There has been much research done showing the relationship of physical activity and an increase in the function of our brains. As an elementary teacher, I have seen these benefits on a daily basis.
A few years back, our local YMCA began teaching students in our school about the benefits of healthy eating and regular exercise. These lessons were not only helpful to students, but faculty members as well.
I decided to literally "run" with the information being taught. I began running with my students, and taking time out for exercise games, physical Simon Says, or workouts to music. We've never looked back, and my students love it.
Since adding daily physical activity breaks, my students are more relaxed, more focused, and no doubt better thinkers. If you're not incorporating brain breaks into your routine, I encourage you to check out the article below. I have also included the link to one of the many You Tube videos we use to start our day.
http://nyti.ms/1vMnBDW - New York Times Article
http://bit.ly/1O1JqKz - You Tube Video Whip/ Nae Nae Elementary Cardio Workout
Thursday, April 9, 2015
I created these Rainy Day Task Cards to give my students an alternate activity during the rainy months of indoor recess. In Michigan that's usually April and May, but seems to happen in the fall quite a bit also. The cards integrate math, science, language arts, along with some fun trivia about rain. The last of our snow has finally melted!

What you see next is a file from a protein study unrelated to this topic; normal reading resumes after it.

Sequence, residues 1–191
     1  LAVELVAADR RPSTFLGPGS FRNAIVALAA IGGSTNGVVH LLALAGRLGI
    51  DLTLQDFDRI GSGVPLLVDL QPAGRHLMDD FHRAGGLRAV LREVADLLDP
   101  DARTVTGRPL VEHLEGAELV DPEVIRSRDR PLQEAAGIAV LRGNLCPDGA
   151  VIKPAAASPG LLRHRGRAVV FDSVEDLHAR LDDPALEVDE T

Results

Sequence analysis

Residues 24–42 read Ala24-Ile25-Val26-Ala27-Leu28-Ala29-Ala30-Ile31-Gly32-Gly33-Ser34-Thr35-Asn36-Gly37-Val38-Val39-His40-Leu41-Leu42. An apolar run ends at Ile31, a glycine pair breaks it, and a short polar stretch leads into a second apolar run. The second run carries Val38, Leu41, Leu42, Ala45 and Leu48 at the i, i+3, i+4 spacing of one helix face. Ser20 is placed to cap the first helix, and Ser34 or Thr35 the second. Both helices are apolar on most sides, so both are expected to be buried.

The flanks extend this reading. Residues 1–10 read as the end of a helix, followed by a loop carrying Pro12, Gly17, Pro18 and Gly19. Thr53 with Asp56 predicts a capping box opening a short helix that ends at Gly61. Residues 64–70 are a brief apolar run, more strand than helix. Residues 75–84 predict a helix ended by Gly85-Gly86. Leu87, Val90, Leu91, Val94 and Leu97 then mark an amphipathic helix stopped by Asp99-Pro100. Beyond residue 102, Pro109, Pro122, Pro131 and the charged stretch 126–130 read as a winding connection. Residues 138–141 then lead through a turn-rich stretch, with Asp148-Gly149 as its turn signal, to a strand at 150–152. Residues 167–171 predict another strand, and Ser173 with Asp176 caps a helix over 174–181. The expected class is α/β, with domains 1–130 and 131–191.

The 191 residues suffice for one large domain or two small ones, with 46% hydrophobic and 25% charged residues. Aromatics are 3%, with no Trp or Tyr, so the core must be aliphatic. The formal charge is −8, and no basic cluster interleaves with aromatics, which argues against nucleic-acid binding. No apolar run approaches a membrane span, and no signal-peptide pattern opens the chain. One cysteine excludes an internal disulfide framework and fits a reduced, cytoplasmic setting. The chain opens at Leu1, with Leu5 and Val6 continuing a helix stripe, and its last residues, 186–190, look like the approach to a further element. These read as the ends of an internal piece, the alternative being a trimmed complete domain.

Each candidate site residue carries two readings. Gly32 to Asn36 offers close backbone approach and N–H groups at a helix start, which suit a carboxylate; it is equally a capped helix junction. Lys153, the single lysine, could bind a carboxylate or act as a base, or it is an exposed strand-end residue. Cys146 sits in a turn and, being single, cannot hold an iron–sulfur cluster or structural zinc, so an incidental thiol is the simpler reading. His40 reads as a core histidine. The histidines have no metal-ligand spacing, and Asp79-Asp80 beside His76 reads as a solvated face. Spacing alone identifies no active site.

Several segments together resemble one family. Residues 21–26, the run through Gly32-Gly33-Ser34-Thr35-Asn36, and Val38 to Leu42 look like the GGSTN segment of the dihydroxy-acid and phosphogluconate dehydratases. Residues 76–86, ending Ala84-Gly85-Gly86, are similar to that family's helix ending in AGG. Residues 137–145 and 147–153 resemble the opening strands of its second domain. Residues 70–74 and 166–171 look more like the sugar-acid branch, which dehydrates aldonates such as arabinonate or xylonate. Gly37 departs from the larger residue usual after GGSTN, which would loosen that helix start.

Saturday, July 27, 2013
Character Matters - New Camping Themed Character Unit
Everyone likes to camp, right? Well almost everyone. I just listed a new printable on TPT called "Camp Classy Character." I've taught mini lessons about character for a number of years, and decided to compile them into a unit while adding a fun camping theme. It also includes classroom management forms that can be used to help students stay "on the trail" throughout the year.
Why teach children character? Aren’t students supposed to develop character as a part of their family life with positive role models instructing them as situations arise in the home? While this is true for many children, some students receive little or no positive character development from their current home life.
We all teach character in our classrooms, whether we realize it or not. Teaching students to use polite speech, be responsible, wait their turn, or treat each other with respect, are life lessons that will be beneficial to them regardless of their age. Our schools are mini societies which demonstrate to children the importance of individual actions and how each action effects the group as a whole.
I have been teaching mini character lessons for a number of years, and can honestly say that I can’t imagine going through a school year without them. My two major goals in teaching character development are:
-to equip students with lifelong skills that will allow them succeed at whatever they pursue, while having a positive impact on their community, and
-to create a positive classroom environment which allows learning to take place at the highest level.
It’s a joy to see students put into practice what’s been taught and modeled in these mini lessons. Students begin using the vocabulary that are embedded in the lessons, and they are more aware of positive acts of character when they see them.